Q&A on Nova Scotia Governance with Robert Frost, Municipal Advisor
Last week I sat down with Robert Frost, a Municipal Advisor with the Province of Nova Scotia, to discuss his experience with rural governance in the province. The Q&A below is not an exact transcript, but captures a summary of our conversation.
MM – What is your position with the government?
RF – I’m one of three municipal advisors whose role it is to liaise between the provincial government and municipalities. Previously I was CAO of Hantsport, which went through the dissolution process, so I have first-hand experience with that type of governance restructuring.
MM– What challenges do you see facing rural municipal governance in NS?
RF- The challenges faced in rural Nova Scotia are similar across rural Canada. There are compounding challenges of out-migration and aging infrastructure. As people leave, there is a smaller tax base to address the rising costs of infrastructure. Urbanization is also a challenge. I don’t see it due to any particular policies, but simply a positive feedback loop of more resources leading to more people, which leads to more resources. The opposite happens in rural Nova Scotia. For example, many people want to live where there are recreation facilities so they move to where the facilities are. Those small communities without these facilities do not have the population base to support them and are likely shrinking, not growing that population.
In terms of challenges to everyday running of municipal government, there is a requirement for stringent financial and governing accountability. This is a good thing, but requires a high level of capacity for municipalities and highly skilled positions such as Director of Finance and Public Works are very costly. A small community with very few employees cannot necessarily afford all of the resources that may be required.
MM– What opportunities exist?
RF – Rural Nova Scotia needs to focus on selling what it is. We need to focus on the millions of people in the world who would love rural NS just for what it is. There are people across Canada and the world who already have the values, interest, and needs that rural Nova Scotia has. Just the same as those who already live here and love it. Immigration is a huge opportunity as people look for somewhere that is safe, has lots of land, reasonable taxes, and close-knit communities.
MM– What changes are you seeing and do you predict for rural governance in NS?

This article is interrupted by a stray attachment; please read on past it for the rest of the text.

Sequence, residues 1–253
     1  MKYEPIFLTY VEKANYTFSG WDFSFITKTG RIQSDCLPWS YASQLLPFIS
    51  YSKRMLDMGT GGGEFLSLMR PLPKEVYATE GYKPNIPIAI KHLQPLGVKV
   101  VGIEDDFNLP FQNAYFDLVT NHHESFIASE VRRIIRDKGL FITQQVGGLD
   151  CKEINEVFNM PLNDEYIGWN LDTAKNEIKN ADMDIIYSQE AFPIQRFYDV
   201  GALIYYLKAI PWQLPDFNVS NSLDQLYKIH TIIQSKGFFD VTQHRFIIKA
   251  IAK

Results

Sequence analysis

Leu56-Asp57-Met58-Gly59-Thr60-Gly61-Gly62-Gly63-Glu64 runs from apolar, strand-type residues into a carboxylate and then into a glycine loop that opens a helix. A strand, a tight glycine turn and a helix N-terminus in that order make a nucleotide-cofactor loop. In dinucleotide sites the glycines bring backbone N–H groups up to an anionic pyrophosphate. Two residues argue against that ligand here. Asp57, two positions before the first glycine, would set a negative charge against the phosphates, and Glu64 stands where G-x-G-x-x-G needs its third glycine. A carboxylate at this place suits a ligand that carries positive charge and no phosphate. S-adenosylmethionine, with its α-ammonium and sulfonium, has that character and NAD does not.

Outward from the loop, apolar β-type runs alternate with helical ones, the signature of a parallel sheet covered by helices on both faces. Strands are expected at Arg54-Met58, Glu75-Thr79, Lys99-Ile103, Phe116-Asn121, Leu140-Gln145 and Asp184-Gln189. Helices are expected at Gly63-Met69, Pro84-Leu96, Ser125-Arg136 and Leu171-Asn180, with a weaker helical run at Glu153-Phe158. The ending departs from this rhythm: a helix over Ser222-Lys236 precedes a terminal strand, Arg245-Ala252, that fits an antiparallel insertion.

RF– Rural municipal governance needs to be more efficient. For communities with fewer people, there is more pressure on those remaining to maintain service levels. Aging infrastructure costs are going up and the tax base is going down. So it becomes a challenge of attracting more people to keep the tax base, or finding ways to be more cost effective. Small communities in close proximity to one another need to work together, whether that is through a change in governance structure or service sharing provisions.
MM– How does the provincial government work with municipalities to overcome these challenges and take these opportunities?
RF- This government has been supportive of any municipalities who want to work with neighbours to create change whether that be partnerships, other efficiencies or structural change. The Department of Municipal Affairs can assist to facilitate the direction a municipal government chooses to make improvements. Change is a constant. As far as governance goes, there were three communities last year that made a governance change, and there are three more that are currently in the process. There are also other initial discussions happening as well.
The new Regional Enterprise Networks are working to support communities with their economic development strategies, and the province working on immigration to assist in attracting people to the province.
MM– What questions would you want a rural researcher to study?
RF– What’s working really well in rural Canada? or around the world?
Are there governance models that are more effective/efficient?
Are other provinces that are taking a more forceful approach to municipal governance change having success?
Are there rural jurisdictions having success in curbing out-migration or increasing in-migration?
If you are unfamiliar with the provincial context, take a look at these news articles on recent governance changes in rural Nova Scotia:
Springhill N.S. likely first of many rural communities forced to amalgamate
Editorial: Municipalities show courage to change
Parrsboro weighing amalgamation proposal
Municipal reform meeting to discuss amalgamation, dissolution planned
I would love to hear your thoughts in response to this interview. Is your jurisdiction facing similar challenges and opportunities? What is being done about it? Does your research help to answer any of these questions?
Until next time,
Governance Team Support